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Winter experience in Northern Music

terje_isungsetYou can’t get more quintessentially wintry than playing music on instruments made from ice. Norwegian composer Terje Isungset makes a habit of playing on ice trumpets, ice drums, ice xylophones in his popular album Winter Songs.

Another northern composer, the Finnish Sibelius whose almost last piece for piano was composed in 1929. The Winter Scene of the Five Sketches begins with deceptive lightness, and then becomes huge. It’s as if the music first paints the frost on a twig, and then steps back to evoke a mighty, brooding forest.

The “second greatest” composer of Italian opera

Giacomo_PucciniGiacomo Antonio Domenico Michele Secondo Maria Puccini was an Italian composer whose operas, including La Bohème, Tosca, Madama Butterfly, and Turandot are among the most frequently performed. Judged by contemporary standards, Puccini was something of a conservative. He described Stravinsky’s Rite of Spring as “a creation of a madman”. In 1908 alone, Tosca was heard in 53 French opera houses, 12 in Spain, eight in both Austria and Germany and three in Switzerland. The last word should go to Puccini himself who, when working on his final opera Turandot, commented: “Almighty God touched me with his little finger and said: “Write for the theatre – mind, only for the theatre. And I have obeyed his supreme command”. 

(Magyar) A klasszikus zene 2019-ben

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(Magyar) Interjú
Boros Misivel

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(Magyar) Interjú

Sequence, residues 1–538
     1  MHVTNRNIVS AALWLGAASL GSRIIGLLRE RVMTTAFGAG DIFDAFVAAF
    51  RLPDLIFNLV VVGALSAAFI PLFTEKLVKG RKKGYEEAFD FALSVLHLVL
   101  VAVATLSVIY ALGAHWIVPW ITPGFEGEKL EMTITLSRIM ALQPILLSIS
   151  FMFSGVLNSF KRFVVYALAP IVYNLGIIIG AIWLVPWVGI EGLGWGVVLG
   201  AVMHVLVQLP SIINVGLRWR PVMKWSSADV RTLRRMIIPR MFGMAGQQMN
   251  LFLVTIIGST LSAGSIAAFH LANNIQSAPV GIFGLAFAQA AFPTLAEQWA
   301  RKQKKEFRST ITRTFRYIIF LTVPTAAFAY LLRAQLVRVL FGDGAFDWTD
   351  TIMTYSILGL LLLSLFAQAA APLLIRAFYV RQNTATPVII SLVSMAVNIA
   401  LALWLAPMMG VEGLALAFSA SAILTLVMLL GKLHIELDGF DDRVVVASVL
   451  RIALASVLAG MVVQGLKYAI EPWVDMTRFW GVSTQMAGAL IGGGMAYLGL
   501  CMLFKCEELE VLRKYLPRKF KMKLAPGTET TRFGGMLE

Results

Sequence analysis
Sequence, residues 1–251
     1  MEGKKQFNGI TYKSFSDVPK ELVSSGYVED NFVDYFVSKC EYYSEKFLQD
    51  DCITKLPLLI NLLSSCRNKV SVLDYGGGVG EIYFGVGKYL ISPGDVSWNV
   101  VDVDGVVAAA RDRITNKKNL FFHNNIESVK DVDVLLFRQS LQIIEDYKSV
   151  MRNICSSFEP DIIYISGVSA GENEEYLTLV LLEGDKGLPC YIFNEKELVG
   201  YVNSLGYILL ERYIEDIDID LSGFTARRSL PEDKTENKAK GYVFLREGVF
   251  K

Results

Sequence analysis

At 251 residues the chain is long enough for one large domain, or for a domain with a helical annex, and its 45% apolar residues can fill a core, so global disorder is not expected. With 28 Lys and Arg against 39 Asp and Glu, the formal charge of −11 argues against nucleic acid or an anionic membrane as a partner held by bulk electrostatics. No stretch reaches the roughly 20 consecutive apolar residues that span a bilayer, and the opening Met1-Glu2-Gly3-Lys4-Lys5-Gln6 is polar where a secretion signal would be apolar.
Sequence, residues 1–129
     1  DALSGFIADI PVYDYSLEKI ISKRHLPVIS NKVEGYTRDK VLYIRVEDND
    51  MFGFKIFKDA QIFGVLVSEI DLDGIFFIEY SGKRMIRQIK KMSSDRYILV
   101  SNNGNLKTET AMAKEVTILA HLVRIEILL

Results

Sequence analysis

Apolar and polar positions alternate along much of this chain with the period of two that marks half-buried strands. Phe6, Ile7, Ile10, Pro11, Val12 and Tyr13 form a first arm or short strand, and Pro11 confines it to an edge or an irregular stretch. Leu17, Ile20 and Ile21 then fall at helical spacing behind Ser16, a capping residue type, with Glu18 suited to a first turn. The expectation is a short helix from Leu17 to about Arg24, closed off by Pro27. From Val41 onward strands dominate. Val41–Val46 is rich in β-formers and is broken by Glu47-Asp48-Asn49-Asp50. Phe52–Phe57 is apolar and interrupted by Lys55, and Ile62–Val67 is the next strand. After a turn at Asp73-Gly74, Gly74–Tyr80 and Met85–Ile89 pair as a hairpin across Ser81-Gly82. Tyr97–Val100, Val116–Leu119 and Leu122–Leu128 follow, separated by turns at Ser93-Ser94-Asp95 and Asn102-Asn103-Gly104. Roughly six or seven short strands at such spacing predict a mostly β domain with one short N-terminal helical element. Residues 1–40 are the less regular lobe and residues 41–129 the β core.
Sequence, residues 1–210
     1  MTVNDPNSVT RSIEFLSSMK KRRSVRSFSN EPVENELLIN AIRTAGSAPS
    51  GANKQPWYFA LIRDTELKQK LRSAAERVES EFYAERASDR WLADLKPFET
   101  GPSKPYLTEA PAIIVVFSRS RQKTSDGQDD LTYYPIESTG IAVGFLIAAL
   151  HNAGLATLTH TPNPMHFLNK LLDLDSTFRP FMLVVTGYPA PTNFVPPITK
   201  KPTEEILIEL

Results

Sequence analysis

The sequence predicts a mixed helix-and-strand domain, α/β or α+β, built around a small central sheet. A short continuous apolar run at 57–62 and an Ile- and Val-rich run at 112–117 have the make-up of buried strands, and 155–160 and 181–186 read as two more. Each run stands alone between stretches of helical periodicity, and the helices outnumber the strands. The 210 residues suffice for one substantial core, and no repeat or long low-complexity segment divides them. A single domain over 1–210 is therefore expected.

Miklósa Erikával

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Benjamin Britten: a militant pacifist

brittensum_2451119bAs an anti-militarist, Britten was adamant that he was not going to participate in the homefront efforts leading up to the Second World War. However, his pacifist claims were not formally recognised in the United Kingdom, and so he moved to the United States in April 1939. When he returned to the UK in 1942, he was finally granted the status of “Conscientious Objector” by Churchill’s government. In 1962, the new Coventry Cathedral was inaugurated after the original was bombed during the war in 1940.  For the inauguration of the cathedral Britten composed a powerful choral fresco, the War Requiem, which merged together traditional Latin masses and Wilfred Owen’s poetry in order to denounce the atrocities of war. It was performed with male soloists from a range of different countries who were implicated by the war. Behind them, a soprano delivered words of hope. Many today consider this piece to be Britten’s masterpiece.

The uniqueness of Boccherini